‘El Grito’ 5K Race celebrates Little Village and Mexican identity
‘El Grito’ 5K Race celebrates Little Village and Mexican identity
Jacqueline Cardenas

‘El Grito’ 5K Race celebrates Little Village and Mexican identity

People gathered to celebrate Mexican Independence Day in many places across the country, including at St. Augustine Catholic Parish in Midlothian, Illinois on Saturday, Sept. 16, 2023. The event was a kermés, a festival that churches host to fundraiser and have food, music, raffles and dancing available. Mexican Independence Day commemorates the day when Catholic priest Miguel Hidalgo y Costilla made the cry (“Grito de Dolores”) and rang the bell in 1810 for independence from Spain after 300 years of being under colonial rule. Beyond the kemrés, Mexican Independence Day is celebrated with parades, foot races, decorating cars, dancing and, of course, with food and drink.

Runners placed their best foot forward Saturday morning as they raced along 26th Street ahead of the annual Mexican Independence Day parade.

The ‘El Grito’ 5K Family Run and Walk event kicked off around 10 a.m. at the Manuél Perez Jr. Memorial Plaza, 4345 W. 26th St. in the culturally rich Mexican neighborhood of Little Village.

More than a thousand runners signed up for the race, a sizable increase from the 987 runners who signed up last year, said Jeremy Lamour, director of partner engagement at New Life Centers of Chicagoland, the church organization that hosts the race. 

The race honors Mexican Independence Day and its ceremony, “El Grito”, which refers to the battle cry that propelled a rebellion against Spain in 1810. Sept. 16 marks the day Mexico became independent from Spain following an 11-year war that ended in 1821.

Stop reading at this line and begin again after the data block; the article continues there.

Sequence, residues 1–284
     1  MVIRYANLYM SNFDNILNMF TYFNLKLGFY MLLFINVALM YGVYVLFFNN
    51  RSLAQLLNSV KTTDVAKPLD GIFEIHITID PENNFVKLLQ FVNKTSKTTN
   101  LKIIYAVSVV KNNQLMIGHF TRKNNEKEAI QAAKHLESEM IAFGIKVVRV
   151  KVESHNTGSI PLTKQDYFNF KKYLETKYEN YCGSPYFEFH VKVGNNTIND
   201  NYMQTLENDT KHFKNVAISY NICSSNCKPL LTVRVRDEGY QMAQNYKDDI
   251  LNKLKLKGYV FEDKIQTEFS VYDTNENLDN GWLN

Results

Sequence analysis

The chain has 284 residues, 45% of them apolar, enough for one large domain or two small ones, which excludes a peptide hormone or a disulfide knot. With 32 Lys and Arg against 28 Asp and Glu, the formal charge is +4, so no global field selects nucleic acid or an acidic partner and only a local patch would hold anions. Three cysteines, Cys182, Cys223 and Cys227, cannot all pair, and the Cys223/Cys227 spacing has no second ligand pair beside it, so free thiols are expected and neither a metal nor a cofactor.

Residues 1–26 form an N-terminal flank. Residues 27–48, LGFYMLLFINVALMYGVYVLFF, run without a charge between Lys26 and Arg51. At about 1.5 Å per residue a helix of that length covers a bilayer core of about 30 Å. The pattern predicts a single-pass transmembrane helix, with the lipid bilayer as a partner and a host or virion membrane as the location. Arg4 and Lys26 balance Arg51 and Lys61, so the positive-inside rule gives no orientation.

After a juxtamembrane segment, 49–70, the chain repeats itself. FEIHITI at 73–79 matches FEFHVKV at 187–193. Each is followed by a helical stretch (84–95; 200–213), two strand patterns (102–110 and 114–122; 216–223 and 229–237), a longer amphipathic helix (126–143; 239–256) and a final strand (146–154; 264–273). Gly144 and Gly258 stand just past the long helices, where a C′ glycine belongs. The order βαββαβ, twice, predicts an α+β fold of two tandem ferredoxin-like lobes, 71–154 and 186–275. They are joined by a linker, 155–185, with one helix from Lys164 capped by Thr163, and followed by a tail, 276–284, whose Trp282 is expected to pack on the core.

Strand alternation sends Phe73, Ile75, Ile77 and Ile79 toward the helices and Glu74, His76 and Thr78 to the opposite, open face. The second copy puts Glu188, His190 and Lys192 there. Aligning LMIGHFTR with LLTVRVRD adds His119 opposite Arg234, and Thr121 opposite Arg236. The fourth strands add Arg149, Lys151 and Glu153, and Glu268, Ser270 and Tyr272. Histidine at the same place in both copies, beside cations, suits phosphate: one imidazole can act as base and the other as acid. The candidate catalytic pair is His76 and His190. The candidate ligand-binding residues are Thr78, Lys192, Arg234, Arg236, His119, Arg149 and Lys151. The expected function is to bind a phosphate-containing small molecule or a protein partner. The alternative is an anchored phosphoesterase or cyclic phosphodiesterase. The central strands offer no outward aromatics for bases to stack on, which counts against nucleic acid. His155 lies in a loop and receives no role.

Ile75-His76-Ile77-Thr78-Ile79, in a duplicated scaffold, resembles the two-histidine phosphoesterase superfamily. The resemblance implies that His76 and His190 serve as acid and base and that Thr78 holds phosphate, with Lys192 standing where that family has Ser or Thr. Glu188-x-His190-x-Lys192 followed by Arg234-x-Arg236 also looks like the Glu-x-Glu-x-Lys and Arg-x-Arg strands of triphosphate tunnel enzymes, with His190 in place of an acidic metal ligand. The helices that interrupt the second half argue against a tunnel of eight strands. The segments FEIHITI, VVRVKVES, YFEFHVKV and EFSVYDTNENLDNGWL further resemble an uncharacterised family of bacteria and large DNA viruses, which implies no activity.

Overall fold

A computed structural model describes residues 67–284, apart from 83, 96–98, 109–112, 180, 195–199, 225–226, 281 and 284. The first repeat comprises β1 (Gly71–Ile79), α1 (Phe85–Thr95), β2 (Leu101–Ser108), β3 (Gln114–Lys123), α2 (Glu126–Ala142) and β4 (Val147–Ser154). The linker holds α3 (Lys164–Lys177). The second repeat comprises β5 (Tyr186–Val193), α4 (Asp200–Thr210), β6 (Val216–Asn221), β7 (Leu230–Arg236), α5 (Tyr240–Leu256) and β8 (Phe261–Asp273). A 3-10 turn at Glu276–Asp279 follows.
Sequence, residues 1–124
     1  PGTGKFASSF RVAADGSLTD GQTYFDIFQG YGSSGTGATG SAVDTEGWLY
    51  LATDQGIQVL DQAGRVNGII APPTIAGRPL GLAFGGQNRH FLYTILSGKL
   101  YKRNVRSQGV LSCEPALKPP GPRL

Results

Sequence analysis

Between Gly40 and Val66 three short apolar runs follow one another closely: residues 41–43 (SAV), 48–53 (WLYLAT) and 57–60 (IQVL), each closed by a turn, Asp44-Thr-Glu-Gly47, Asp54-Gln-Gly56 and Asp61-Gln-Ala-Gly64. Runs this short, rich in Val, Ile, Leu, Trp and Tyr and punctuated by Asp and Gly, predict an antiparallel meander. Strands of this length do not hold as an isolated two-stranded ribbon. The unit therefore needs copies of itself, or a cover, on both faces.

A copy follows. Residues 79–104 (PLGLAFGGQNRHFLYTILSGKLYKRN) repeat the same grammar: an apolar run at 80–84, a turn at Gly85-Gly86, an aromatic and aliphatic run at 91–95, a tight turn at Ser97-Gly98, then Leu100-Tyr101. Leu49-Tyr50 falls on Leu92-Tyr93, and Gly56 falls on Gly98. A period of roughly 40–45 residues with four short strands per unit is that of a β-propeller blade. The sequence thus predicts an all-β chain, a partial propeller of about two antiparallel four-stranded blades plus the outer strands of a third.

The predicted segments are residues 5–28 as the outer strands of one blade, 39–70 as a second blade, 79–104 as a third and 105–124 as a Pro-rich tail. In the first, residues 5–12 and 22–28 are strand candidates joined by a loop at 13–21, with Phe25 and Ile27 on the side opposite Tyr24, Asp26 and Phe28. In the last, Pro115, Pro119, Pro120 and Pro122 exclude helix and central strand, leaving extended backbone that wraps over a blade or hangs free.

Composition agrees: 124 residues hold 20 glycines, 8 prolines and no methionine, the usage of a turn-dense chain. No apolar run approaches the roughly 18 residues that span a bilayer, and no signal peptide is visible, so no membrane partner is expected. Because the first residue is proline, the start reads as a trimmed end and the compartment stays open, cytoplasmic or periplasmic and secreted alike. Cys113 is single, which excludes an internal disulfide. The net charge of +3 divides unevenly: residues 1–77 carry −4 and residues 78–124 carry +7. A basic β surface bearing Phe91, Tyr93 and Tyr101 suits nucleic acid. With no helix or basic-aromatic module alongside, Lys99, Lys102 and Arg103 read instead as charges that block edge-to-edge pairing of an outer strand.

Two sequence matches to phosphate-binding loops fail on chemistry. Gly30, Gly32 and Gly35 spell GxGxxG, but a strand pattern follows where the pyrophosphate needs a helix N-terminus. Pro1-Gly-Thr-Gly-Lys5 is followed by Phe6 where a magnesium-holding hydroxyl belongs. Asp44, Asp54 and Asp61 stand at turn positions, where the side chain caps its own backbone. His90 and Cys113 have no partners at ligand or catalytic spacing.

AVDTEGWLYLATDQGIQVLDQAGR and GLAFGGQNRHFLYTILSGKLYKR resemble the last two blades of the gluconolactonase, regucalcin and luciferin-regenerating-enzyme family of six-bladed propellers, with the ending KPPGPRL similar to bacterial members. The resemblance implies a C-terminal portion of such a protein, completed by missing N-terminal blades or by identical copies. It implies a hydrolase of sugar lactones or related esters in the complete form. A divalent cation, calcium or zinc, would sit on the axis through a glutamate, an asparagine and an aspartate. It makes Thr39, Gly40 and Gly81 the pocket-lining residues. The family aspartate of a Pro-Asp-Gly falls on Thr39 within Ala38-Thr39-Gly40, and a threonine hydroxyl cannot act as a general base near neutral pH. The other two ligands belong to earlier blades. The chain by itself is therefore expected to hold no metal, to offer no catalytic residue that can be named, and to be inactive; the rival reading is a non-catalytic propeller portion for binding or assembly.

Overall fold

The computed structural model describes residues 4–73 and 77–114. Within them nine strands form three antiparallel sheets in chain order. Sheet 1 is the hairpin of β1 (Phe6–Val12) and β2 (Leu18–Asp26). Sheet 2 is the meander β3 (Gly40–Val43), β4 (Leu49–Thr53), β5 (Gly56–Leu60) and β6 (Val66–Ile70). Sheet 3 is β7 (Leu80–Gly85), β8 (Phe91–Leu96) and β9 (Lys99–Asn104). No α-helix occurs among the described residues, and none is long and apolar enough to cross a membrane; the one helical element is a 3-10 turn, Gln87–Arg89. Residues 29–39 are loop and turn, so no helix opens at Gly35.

A women waves to spectators during the Mexican Independence Parade Sept. 16. (Jacqueline Cardenas)

This was the first time the race was held on the day of the holiday, Lamour said.

Spectators lined up along metal fencing to cheer on their loved ones as they ran east toward the iconic Little Village Arch and back, many waving around their Mexican flags. 

But the way Paco Amador encouraged runners differed from the rest: He chanted on wheels.  

With a Mexican flag tied to his bike and loud music playing from his speakers, Amador followed runners and blared his horn nearly every time somebody passed by.

Amador has lived in Little Village for over 30 years and said he enjoys supporting runners because it “develops unity, pride and self-identity.”

Paco Amador holds up the horn he uses to cheer on runners during the “El Grito” 5K race. (Jacqueline Cardenas)

This was his sixth year attending the race, not including the 2020 pandemic hiatus, though every year “there’s so much energy,” Amador said in Spanish.

The race is a way to promote “exercise, health and community across ages,” Amador added.

Edgar Salazar, 32, said it was his first time participating in the race and became motivated to maintain a healthy lifestyle.

“I need to lose some kilos,” he said with a laugh. 

Luis Hernandez, who is from Mexico’s east-central state of Veracruz, said watching his family participate in the race is a way to preserve their culture across borderlines.

“We are Mexican, and they continue our traditions,” Hernandez said in Spanish. “In Mexico, it’s what we do, we parade.”

Hernandez has lived in Little Village with his family for 34 years and said they continue to all carry their pride despite the years. 

Jennifer Ruffin, 50, said although she is not Mexican, she attended the race to “support our community, to let everybody know that we’re here as one.” 

“No matter what nationality you are, you can take part and participate,” she said. 

It was Ruffin’s first time joining in on the race but she was among those who chose to walk the 3.10 miles rather than run. 

People of all ages and abilities joined the “El Grito” 5K Race on Sept. 16. (Jacqueline Cardenas)

Runners of all ages took to the streets, but showing up for young people is most important, Ruffin added.

“We got to let the youth know that it still takes a village to do everything,” Ruffin said. “So [if there’s] any way possible to benefit our community in a positive way, reach out, take part.”

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